Tim Keller may not be the most conservative high profile complementarian you can think of, but there is no doubt that complementarian teaching and practice – highly patriarchal and oppressive at its most extreme – has caused deep hurt to many Christians. To critique this is not to slam Keller's ministry or his personal actions; it is simply fact.

Countless people have been left wounded by hardline teaching on gender that has the potential to impact so many aspects of church and family life. It's not just a question of who is permitted to lead a church – although for those called to leadership, having this dismissed and ignored is undoubtedly damaging too. To say that Christians need to focus on supposedly more important injustices instead gives out an unpleasant message that minimises the pain caused to so many.

Perhaps those upset by accusations that conservative teaching on gender is 'toxic' should focus their ire on the damage caused by the more extreme end of the complementarian spectrum rather than on those hurt by it. Minimising the problem by saying that those sharing their experiences are 'overreacting' will never build trust and unity across theological divides; in fact it's more likely to give the impression that maintaining a position of power is what's truly important to complementarians.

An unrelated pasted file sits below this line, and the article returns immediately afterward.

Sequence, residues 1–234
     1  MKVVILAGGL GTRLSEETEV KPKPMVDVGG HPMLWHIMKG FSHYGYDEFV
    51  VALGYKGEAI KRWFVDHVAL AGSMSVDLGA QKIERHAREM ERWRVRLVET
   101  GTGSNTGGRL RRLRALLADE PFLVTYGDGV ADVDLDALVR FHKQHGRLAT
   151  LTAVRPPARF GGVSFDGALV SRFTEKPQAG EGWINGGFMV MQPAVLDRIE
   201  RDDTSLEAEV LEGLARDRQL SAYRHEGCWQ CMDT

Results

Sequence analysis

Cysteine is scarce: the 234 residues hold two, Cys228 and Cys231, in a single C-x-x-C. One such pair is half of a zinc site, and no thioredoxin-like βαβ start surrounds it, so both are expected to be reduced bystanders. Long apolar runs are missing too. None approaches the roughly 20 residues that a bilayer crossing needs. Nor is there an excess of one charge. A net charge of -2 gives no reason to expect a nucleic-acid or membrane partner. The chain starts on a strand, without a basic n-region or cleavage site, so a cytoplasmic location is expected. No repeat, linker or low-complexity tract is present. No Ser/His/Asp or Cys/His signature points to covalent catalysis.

Hannah Mudge writes about feminism and faith and is one of the founders of the Christian Feminist Network. She works in digital communications and fundraising for an international development organisation. Follow her on Twitter @boudledidge